Precision Genetic Editing: Scientists develop a safer and more effective version of the CRISPR/CAS9 enzyme
Prof. Alberto Donayre Prof. Departamento de Bioingeniería e Ingeniería Química
Alberto Donayre – Full Time professor Bioengineering

The discovery of gene-editing enzymes is a technological breakthrough that has an impact on various areas of knowledge, with great promise for developing efficient methods of gene therapy [1]. In this system the RNA guide (gRNA) allows a specific recognition of the cutting site in the DNA by the nucleases of the CRISPR family as the enzyme Cas9. However, the mechanisms by which, in certain circumstances, Cas9 cuts off DNA despite recognizing nonspecific noncomplementary or nonhomologous regions are unknown. Mutant versions of Cas9 have been developed that possess good nonhomologous fragment discrimination, and avoid cuts out of context. However, these versions show reduced cutting efficiency [2]. Despite numerous reports from the CRISPR system, the fundamentals of Cas9 nuclease activation when it produces nonspecific cuts in DNA out of context (“off-target”) have not yet been elucidated.

Cryo-electron microscopy (CME) provides views of the interaction between the Cas9 enzyme, the guide RNA (gRNA) and the interaction of the gRNA-DNA duplex with Cas9. CME shows interaction structures at the molecular level. For the first time, the CME technique is used to elucidate the molecular interaction kinetics of the Cas9 nuclease in its activation to perform cuts during an unusual non-homologous mating event [3].

Cas9’s HNH and RuvC domains are known to be responsible for cutting DNA. CME images show that the molecular interaction of a RuvC region is responsible for scanning the gRNA-DNA interaction to detect nonhomologous pairings. Moreover, RuvC usually stabilizes gRNA-DNA duplex events in the presence of non-homologous mating. RuvC through its “loop” domain erroneously activates the enzyme by rearranging its cut-off regions despite the existence of unmatched nucleotides in the gRNA-DNA duplex [3]. What happens if the residues in RuvC that are responsible for scanning the duplex and activating the Cas9 nuclease are mutagenized? If the mutagenesis directed by CME manages to obtain mutant versions of Cas9 that prevent an unspecific recognition without affecting its cutting efficiency would be a great advance for the use of genetic editing in a safer way.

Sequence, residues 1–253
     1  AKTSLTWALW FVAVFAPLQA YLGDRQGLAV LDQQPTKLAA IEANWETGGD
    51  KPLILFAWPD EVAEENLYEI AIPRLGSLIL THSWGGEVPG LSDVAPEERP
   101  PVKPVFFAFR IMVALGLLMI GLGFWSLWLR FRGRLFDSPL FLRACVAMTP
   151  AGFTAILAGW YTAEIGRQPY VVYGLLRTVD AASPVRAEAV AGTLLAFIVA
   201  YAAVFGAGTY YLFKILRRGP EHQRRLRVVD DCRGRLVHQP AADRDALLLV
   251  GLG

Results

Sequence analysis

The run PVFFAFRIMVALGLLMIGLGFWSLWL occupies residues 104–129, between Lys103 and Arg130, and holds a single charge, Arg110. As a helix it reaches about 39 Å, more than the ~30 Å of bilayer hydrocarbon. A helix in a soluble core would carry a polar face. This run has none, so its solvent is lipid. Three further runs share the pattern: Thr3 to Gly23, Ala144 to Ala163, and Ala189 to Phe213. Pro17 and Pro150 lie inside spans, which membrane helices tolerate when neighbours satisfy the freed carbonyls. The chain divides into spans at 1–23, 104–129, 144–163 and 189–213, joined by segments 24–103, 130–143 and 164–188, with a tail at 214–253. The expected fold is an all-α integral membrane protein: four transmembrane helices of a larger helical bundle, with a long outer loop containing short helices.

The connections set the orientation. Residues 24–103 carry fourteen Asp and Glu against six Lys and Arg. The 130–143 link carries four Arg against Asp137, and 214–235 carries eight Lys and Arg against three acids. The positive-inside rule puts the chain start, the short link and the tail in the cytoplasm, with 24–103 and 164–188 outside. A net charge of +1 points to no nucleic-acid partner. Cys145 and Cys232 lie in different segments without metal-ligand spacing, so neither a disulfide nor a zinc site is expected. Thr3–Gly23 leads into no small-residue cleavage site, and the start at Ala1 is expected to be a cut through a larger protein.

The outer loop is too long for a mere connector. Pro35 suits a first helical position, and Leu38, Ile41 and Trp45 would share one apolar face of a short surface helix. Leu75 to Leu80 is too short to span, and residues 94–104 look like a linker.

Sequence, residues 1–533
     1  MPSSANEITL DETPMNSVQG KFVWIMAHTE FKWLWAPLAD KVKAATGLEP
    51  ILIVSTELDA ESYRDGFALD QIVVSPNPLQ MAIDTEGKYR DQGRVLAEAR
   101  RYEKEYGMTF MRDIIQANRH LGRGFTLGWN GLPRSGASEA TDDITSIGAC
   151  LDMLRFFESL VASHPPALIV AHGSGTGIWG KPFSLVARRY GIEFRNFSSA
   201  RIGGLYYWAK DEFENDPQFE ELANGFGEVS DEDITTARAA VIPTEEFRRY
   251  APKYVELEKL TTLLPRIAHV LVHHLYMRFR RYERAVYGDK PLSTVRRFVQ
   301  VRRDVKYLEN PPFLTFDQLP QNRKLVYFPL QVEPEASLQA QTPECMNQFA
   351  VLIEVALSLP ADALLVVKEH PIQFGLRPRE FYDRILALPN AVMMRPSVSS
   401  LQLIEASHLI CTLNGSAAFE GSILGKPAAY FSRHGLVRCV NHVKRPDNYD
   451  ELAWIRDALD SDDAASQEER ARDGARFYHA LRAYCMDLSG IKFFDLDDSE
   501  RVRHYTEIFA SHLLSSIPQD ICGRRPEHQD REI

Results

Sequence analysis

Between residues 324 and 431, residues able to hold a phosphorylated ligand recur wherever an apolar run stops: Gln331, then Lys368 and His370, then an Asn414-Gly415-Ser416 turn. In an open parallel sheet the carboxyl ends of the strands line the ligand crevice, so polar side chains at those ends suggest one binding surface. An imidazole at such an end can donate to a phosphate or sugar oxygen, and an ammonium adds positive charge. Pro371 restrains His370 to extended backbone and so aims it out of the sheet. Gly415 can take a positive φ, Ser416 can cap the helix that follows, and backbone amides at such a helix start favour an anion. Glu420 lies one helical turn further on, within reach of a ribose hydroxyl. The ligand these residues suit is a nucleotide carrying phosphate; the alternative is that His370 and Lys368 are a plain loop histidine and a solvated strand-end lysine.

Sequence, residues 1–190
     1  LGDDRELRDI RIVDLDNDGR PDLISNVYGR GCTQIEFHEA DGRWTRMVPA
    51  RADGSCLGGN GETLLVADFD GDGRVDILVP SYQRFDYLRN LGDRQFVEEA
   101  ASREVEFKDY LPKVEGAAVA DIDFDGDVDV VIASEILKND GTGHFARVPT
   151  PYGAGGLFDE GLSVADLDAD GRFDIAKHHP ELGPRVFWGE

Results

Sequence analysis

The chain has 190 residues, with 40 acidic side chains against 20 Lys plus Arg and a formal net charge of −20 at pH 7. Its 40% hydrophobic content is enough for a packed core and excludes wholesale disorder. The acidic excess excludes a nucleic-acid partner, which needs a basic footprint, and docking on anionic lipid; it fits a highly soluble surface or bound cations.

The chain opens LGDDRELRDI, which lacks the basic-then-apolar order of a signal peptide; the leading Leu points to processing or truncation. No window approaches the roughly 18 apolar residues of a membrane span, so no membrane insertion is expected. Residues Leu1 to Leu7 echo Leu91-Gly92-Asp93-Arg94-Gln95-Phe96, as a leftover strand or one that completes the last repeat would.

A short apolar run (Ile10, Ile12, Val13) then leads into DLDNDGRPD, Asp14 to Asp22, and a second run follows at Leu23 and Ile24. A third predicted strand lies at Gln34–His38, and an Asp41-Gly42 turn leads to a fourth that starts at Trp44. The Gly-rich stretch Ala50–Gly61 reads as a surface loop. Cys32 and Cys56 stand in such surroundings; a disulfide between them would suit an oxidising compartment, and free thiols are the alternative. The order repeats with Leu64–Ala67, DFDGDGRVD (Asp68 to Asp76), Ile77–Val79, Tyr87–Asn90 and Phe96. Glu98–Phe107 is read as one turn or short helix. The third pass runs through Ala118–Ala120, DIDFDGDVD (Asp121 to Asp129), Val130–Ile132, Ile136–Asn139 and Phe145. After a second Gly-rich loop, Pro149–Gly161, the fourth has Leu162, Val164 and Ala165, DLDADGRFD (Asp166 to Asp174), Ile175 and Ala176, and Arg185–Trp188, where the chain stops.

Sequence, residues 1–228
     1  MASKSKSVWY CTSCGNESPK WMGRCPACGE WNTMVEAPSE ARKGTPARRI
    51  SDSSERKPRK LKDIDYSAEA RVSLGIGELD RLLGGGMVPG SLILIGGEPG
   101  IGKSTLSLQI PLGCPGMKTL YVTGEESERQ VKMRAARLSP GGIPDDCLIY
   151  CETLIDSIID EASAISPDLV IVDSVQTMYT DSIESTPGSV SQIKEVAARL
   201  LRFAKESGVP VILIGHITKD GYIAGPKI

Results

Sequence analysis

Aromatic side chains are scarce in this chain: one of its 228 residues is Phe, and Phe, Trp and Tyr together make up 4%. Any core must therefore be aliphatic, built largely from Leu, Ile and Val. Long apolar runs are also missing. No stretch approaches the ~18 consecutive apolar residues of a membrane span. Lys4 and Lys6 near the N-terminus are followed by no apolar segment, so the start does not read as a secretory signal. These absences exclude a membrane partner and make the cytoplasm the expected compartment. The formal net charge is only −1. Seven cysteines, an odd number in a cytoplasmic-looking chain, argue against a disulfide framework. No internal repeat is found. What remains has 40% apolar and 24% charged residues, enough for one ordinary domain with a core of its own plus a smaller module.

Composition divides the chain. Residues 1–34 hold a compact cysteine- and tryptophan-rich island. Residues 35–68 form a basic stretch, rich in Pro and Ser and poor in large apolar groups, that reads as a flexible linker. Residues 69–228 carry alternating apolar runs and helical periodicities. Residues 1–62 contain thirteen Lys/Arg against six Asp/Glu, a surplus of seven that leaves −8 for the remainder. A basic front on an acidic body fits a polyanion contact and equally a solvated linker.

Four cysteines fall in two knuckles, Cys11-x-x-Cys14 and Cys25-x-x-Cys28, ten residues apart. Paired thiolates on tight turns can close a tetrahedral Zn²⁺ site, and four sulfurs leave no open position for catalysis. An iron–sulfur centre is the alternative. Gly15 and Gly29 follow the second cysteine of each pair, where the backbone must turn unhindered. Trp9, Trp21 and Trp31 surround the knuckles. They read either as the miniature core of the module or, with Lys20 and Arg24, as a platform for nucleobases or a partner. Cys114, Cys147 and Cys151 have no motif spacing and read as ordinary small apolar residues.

Precision therapeutic applications hold great promise for taking advantage of the CRISPR-Cas9 system. For this methodology to be used routinely, it is necessary to minimize the risks of nonspecific cuts in the genome. Cas9 variants of “hi-fi” calls have been developed that minimize cuts out of context. In these initial versions of Cas9, the cutting efficiency or genetic editing is much lower [4].

The first step is to determine the positions of the non-paired nucleotides in the gRNA-DNA duplex. CEM images identified that when the non-paired nucleotides are at a distance of 18-20 positions from the PAM sequence, they cause a reduction rate in the DNA cut of 40 times. Nonspecific nucleotides located in positions near PAM have a lower chance of activating Cas9 in a non-homologous RNA-DNA mating event. In any of these cases, only 80% of these substrates are cut within 1 hour, when Cas9 is incubated with gRNA-DNA in vitro. Knowing that under normal conditions the in vitro cutting efficiency of Cas9 is 1 second. Thus, nonhomologous nucleotides in distal positions such as 18-20 positions with respect to the PAM sequence, usually escape surveillance and activate Cas9 causing a cut out of context. Unmanned nucleotides closer to PAM are more likely not to activate Cas9.

The cryo-microscopic structures showed that the distal end of the gRNA-DNA duplex has a relative linear conformation close to PAM, that state differs from that previously determined by the version Cas9 with homologous interaction 100% that have a typical angle of 70° (Figure 1). This means that a typical position is adopted with nonhomologous distal pairings (Figure 1, 18-20, 1 min) and is hardly detected failed mating and manages to activate Cas9. In contrast, a nonhomologous mating position close to PAM is atypical and is detected by its conformation (Figure 1, 12-14, 5 min and 60 min) and Cas9 is not activated.

Figure 1. The RuvC domain of Cas9 participates in the recognition of no-homologous without mating and stabilizes the gRNA-DNA duplex, activating Cas9 nonspecifically for DNA cutting. There is a greater response when the non-matched nucleotides are at a distance of 18-20 nucleotides.

Figure 2. Cas9 conformal changes for DNA activation and cutting. The domains involved REC, L1 and L2 are responsible for recognizing the duplex and positioning HNH and RuvC for cutting.